You’ve created an amazing e-learning course and all you have to do now is add some images. Easy right? You just Google for images to match the content on the slides and add them to your course. Well, no. You have to assume that all images you find on the internet are copyright unless it clearly states otherwise. You are not free to download and use any image you happen to stumble across. If the site where you found the image doesn’t mention anything about licensing, you will need to seek permission from the owner of the image if you want to use it - and check that they own the copyright of the image.
In fact Google has made it a little harder to download images recently by removing the ‘View image’ button. It’s also added ‘images may be subject to copyright’ under every image as a reminder to users not to inadvertently fall foul of copyright laws.
However, all is not lost as Google provides a method of finding copyright free images. When you’ve searched for an image, click on the ‘Tools’ button under the right-hand edge of the search bar. This brings up a ‘Usage rights’ button. Click on the arrow to the right of the button and select one of the options. Select ‘Labeled for reuse’ if you don’t want any restrictions. The images that appear when you’ve done this can be used in your course.
Google isn’t the only source of free images. There are lots of sites that claim to offer free images, but be careful as not all of them can be used without restriction. You need to check the license details of anything you want to use. You may also find that the free image sites offer a large choice of other images that look sharper and might be more appropriate. However, when you click on them they won’t be free and are often linked to subscription sites.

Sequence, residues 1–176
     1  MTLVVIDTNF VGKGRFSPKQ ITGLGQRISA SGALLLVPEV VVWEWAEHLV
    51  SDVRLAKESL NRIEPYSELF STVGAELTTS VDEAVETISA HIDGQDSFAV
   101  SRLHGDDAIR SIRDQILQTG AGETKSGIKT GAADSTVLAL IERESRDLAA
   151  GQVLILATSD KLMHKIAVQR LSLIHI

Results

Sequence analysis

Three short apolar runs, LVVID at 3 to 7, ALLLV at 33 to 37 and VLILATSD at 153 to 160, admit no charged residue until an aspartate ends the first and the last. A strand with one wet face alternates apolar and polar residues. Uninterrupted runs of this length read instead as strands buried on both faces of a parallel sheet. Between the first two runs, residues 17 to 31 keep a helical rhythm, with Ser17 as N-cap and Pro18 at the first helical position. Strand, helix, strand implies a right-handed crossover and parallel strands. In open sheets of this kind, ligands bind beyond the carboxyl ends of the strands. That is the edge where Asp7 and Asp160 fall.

An image may be marked ‘for personal use only’. This means that you can use it in your home for yourself but it cannot be used commercially. You can’t use it in your training, unless you are creating a fire safety course for your Auntie Ethel.
Some images might say something like ‘usable with attribution’ or ‘usable with link back’. Attribution means that you must add the website or copyright holder’s name under or near the image. Link back, means you must include a hyperlink to the website where the image came from.
You may have seen the term Creative Commons connected with images. A Creative Commons license is used when the author of the work wants to give people the right to use an image that would otherwise by copyright. There are several different types of Creative Commons license, ranging from attribution required and banning commercial use to Creative Commons CC0 which allows you to use the image however you want.
Some image sharing sites can be searched based on license. For instance Flickr images are copyright of the author but they do give you the opportunity to find images that are copyright free under different license types.
Here are a few sites that offer free unrestricted use of their images:
Of course, if you can’t find what you’re looking for and don’t want to pay for an image, you can always create your own!
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